Intisar Ali Mohammed1*, Nabil Ahmed Al-Rabeei2
1Department of Obstetrics and Gynecology Faculty of Medicine and Health Sciences, Sana’a University
2Nursing Division, Faculty of Medicine and Health Sciences, Sana’a University.
SUJMS • 2020 | Jan-Dec | Vol 14| Issue (1+2)
Peripartum hysterectomy has been described as catastrophic procedure and is often performed in acute life threating emergency1. The difficulty associated with the procedure is not necessarily the surgical technique but is the support of such ill patients. These difficulties are more pronounced in developing countries when institution are inadequately founded, facilities are lacking and patients are present in the hospital very late where pathology is advanced2.
The incidence of cesarean hysterectomy is 8.3 per 1000 cesarean3. Even today 8-10% of maternal mortality in developing countries directly occur due to massive obstetrical hemorrhage4. Maternal mortality in Yemen still unacceptably high, the majority of these deaths occur in poor illiterate women who make little use of modern obstetric care has therefore been proposed as a major necessity in the reduction of maternal mortality5.
The indication for peripartum hysterectomy includes uterine atony unresponsive to conservative measures, previous cesarean birth, laceration of major vessels, abnormal placentation, cervical dysplasia, or carcinoma in situ6,7.
Vaginal birth after cesarean, primary and repeat cesarean deliveries and multiple births are independently associated with an increased risk for peripartum hysterectomy7.The association between placenta previa accrete and prior cesarean sections was confirmed, and the incidence of the placenta accrete increased as the number of previous cesarean sections increased.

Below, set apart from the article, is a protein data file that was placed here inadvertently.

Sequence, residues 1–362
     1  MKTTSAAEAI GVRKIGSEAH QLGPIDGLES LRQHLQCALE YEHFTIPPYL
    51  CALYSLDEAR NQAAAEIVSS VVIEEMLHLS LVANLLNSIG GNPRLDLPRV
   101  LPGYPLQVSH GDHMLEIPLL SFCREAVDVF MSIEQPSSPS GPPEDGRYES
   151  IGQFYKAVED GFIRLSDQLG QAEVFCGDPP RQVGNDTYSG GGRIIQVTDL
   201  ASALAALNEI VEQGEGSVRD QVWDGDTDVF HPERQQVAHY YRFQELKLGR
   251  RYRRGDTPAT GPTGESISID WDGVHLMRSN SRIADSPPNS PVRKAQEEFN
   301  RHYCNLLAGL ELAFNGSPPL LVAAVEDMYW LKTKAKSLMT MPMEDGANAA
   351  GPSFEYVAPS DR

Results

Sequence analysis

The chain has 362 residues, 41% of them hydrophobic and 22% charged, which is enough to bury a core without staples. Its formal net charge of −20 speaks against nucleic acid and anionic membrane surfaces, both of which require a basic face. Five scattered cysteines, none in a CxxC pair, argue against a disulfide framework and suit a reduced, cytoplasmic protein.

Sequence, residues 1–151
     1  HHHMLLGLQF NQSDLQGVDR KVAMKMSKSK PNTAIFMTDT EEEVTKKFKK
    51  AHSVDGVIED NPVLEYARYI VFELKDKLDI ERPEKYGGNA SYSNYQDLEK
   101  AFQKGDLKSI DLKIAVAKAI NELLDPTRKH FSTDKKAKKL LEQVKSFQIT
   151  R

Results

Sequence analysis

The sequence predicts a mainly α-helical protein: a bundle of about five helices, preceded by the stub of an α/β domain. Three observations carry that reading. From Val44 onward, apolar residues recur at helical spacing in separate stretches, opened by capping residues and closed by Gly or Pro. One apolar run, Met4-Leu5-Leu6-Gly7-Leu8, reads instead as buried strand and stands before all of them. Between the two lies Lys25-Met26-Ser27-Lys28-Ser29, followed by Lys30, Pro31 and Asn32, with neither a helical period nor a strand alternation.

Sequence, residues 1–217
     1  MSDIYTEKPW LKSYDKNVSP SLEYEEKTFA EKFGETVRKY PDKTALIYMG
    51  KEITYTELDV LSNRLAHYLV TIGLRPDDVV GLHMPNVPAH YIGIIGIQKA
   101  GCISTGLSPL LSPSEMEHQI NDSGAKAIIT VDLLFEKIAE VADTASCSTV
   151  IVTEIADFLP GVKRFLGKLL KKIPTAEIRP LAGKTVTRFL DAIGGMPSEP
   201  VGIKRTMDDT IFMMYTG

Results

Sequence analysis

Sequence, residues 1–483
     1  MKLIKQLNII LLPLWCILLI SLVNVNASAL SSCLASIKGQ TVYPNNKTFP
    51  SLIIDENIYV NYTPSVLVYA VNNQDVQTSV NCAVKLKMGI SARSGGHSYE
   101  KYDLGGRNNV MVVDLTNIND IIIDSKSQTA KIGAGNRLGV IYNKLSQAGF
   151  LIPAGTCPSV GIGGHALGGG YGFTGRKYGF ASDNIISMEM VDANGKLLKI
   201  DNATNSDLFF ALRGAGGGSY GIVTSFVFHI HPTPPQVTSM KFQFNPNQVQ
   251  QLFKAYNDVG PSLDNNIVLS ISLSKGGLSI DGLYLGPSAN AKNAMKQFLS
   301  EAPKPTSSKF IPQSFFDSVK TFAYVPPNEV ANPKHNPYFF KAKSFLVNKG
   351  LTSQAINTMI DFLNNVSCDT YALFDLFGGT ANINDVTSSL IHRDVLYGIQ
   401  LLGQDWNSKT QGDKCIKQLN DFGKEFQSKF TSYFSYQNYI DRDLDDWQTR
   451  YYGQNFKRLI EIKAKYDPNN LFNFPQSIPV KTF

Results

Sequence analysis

The patient with antepartum hemorrhage due to placenta previa, who had a previous cesarean section should be considered at high risk for developing placenta accrete3,8.
The combination of high parity, cesarean section, prior cesarean delivery, current placenta previa and oxytocin use for uterine stimulation were among the risk factors for uterine atony and should alert the obstetrician that an emergency peripartum hysterectomy may needed3,9. Risks of the cesarean hysterectomy include increased operative time, blood loss, increased rate of infection, and higher contaminated incidence of damage to bladder and ureters than in non-gravid hysterectomy or cesarean section alone10. In addition, the cervix is not easily identified in a labored uterus and may not be completely excised at the time of cesarean hysterectomy.